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Adrenal F.G. Hochberg Hypertension Þ«iÀÌi˜Ãˆœ˜Ê / 46 7iˆ}…Ì *>Ó>ÊÀi˜ˆ˜Ê>V̈ۈÌÞÊ0 Ài>̈˜ˆ˜i V…œV>À`ˆœ}À>«…Þ œÜÊÀi˜ˆ˜ ˆ}…ÊÀi˜ˆ˜ `œÃÌiÀœ˜iÊ1 `œÃÌiÀœ˜iÊ1 >ÌiV…œ>“ˆ˜ià žÊ`œÃÌiÀœ˜iÊ2 œÊ`œÃÌiÀœ˜iÊ6 œÊ`œÃÌiÀœ˜i . Sippell · Z. Riepe · W.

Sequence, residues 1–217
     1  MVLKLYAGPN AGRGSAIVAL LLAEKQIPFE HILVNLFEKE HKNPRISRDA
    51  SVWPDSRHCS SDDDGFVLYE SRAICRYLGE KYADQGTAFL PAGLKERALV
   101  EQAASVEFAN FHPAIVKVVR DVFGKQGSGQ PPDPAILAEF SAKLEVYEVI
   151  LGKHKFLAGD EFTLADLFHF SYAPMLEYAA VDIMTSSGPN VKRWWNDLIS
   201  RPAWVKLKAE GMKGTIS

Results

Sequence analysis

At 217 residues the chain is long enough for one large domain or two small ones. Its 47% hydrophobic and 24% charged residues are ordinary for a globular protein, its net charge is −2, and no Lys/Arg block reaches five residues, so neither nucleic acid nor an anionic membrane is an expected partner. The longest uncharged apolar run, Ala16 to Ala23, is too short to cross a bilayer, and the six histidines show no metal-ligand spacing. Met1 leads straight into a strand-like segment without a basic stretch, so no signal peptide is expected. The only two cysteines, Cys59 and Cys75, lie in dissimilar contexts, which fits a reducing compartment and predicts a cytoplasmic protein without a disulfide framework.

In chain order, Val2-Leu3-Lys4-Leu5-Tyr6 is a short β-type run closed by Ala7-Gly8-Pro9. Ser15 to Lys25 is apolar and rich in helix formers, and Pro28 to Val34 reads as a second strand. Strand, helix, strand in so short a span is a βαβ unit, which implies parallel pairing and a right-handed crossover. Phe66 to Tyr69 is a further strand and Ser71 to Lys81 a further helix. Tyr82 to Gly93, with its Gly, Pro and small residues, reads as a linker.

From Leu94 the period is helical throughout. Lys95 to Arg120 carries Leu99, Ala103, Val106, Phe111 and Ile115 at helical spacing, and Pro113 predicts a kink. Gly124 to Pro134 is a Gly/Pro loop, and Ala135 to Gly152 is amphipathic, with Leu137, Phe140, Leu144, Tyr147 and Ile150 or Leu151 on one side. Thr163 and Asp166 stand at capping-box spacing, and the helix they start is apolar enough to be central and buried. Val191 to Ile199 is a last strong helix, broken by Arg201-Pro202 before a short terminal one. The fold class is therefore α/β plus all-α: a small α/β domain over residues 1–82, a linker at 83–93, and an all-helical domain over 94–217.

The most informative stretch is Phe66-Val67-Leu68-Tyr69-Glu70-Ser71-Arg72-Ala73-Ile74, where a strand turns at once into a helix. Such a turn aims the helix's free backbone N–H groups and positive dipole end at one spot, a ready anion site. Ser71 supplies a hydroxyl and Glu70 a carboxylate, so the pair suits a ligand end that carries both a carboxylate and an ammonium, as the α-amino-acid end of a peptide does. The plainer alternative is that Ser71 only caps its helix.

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6 – Neonates with low serum total and free T4 Trotsenburg AS. 2005. Peter F: Thyroid dysfunction in the offspring of 3 – Serum free T4 should be measured by direct mothers with autoimmune thyroid diseases.42:146–154. presence of familial disease is important for genetic Fisher D: Next generation newborn screening for tral (hypothalamic-pituitary) etiology with the lowest counseling of the parents. and has no known risk and can be easily and accurately Sundararajan S. Clinical features often seen in infants with con- binding globulin measurement: potentials and of the infant may disclose the etiology for abnormal genital hypopituitarism include: (a) unexplained hypo- pitfalls. Liang L. Public hypothyroidism using dried blood specimens are: antibodies). chap 16. thyromegaly. roid disease may be associated with transplacentally order to determine or exclude the presence of CRF- Morreale de Escobar G.90:3797–3799. cortisol test is required before T4 therapy is started in La Gamma EF. (c) midline facial and/or Knobel M. disorders of the thyroid hormone generating that may induce transient primary congenital hypothy. van Heijst AF. The thyroid dysgenesis and the life-long need for thyroxine on Endocrinology and Committee on Genetics. Ares S.13:771–801. J Clin Endocrinol Metab 2006. Lanting CI.117:2290–2303. Jiang Y. (c) maternal iodine deficiency or exposure of mother and/or neonate to Nelson JC. Lawson Wilkins Pediatric (a) primary TSH screen. Wiedijk BM. (b) primary T4 screen with con. Kaplowitz PB. on specimens with low T4 screening results reduces 5 – Undetectable serum thyroglobulin values the number of false-positive rates on with low T4 confirm the absence of thyroid tissue or the diagnosis Fu J. other two programs. Wilcox RB: Analytical performance of supraphysiologic amounts of iodide may cause tran. thyrotropin. Verkerk PH. and thyroxine- 2 – Maternal history and physical examination ism. Brown RS. performed and interpreted by experienced pediatric screening and therapy for congenital hypothyroid- ment of TSH and total T4 on every neonate provides nuclear medicine specialists. Quero J. Pediatrics 2006. congenital hypothyroidism? J Clin Endocrinol false-negative results. vol 2. 1996. Section avoid a higher frequency of false-positive values. The measure. Clin Chem sient neonatal goiter and hypothyroidism.90:3350–3359. insulinemic hypoglycemia. Varma SK: Update of newborn (c) primary TSH and primary T4 screen. 77 Van Vliet G. normal or mildly elevated serum TSH must Neonatal screening for congenital hypothyroidism be evaluated for hypothalamic-pituitary hypothyroid- based on thyroxine. the ally prior to discharge. Informa Healthcare. ed 5. Medeiros-Neto G: An outline of inherited placentally acquired TSH-receptor-blocking antibodies CNS birth defects. van free T4 screening method is available.P. van Tijn DA. mented in cord or neonatal serum specimens by cor- relation with values obtained by direct dialysis. Foley. The procedure Endocrine Society. though very de. de Vijlder JJM. and low. pp 391–404. Polak M: Thyroid disorders in infancy. or a normal. 2006. three most common screening methods for congenital therapy. ter in the absence of iodine deficiency. Péter Congenital hypothyroidism . Thyroid T.94:1043–1048. (b) maternal autoimmune thy. Kok JH.91:3370–3376. screening tests for hypothyroidism: (a) maternal auto. Verbeeten B Jr. fants (micropenis and testicular volume 1 ml). (c) familial dyshormonogenesis with goi. Acta Paediatr the cost of screening for CH as low or lower than the sized thyroid. Vulsma T: sirable. (b) combined direct and immune thyroid disease may be associated with trans. free and total thyroxine assays. (b) athyreosis (in the absence of TSH-receptor American Thyroid Association. indirect hyperbilirubinemia. therapy is initiated in order to prevent the induction of rity: beneficial or detrimental? Treat Endocrinol centa and may cause neonatal goiter with/without acute adrenal insufficiency. To date no valid and reproducible Kempers MJ. Jr. · F. van Wassenaer AG. 1 – Newborn screening tests: The dried blood 4 – A thyroid image by ultrasound or scan with Selected reading specimen is collected by heel prick of the infant usu.94:1008–1010. Thyroid 2003. 2007. dialysis or methods whose validity has been docu- Acta Paediatr 2005. transient primary hypothyroidism. Zhu H: Risk factors of primary screening values. Rose SR. Vulsma T: Neonatal detection of congenital hypothyroidism of central origin. The use of tandem mass spectrom. Fisher D: Neonatal thyroxine supplemen- mothers with active Graves disease who are receiving values must be treated with hydrocortisone before T4 tation for transient hypothyroxinemia of prematu- treatment with antithyroid drugs that cross the pla. in Lifshitz F (ed): Pediatric Endocrinology. A serum system. A scan to suggest the ism. and primary hypothyroidism. with autoimmune thyroid disease. Infants with low cortisol Paneth N. firmatory TSH on the lowest 5–20% of T4 values. J Clin Endocrinol Metab 2005. comprehensive screening for CH of primary and cen. Foley T. de Vijlder JJ. technetium pertechnetate will confirm within 2 h.5:335–346. thyroid dysfunction in early infants born to mothers etry to measure along with many other analytes keeps dren with a eutopic thyroid. Kaye CI. Golombek SG. preferably after 24 h of age to suspected diagnosis of these disorders: (a) ectopic American Academy of Pediatrics. Section III: Thyroid Disorders. Health Committee. roidism in the neonate. of thyroglobulin synthetic defects in neonates or chil. acquired TSH-receptor-stimulating antibodies from ACTH-Adrenal Insufficiency. and (d) hypogonadism in male in. The addition of TBG screening Metab 2005. New York.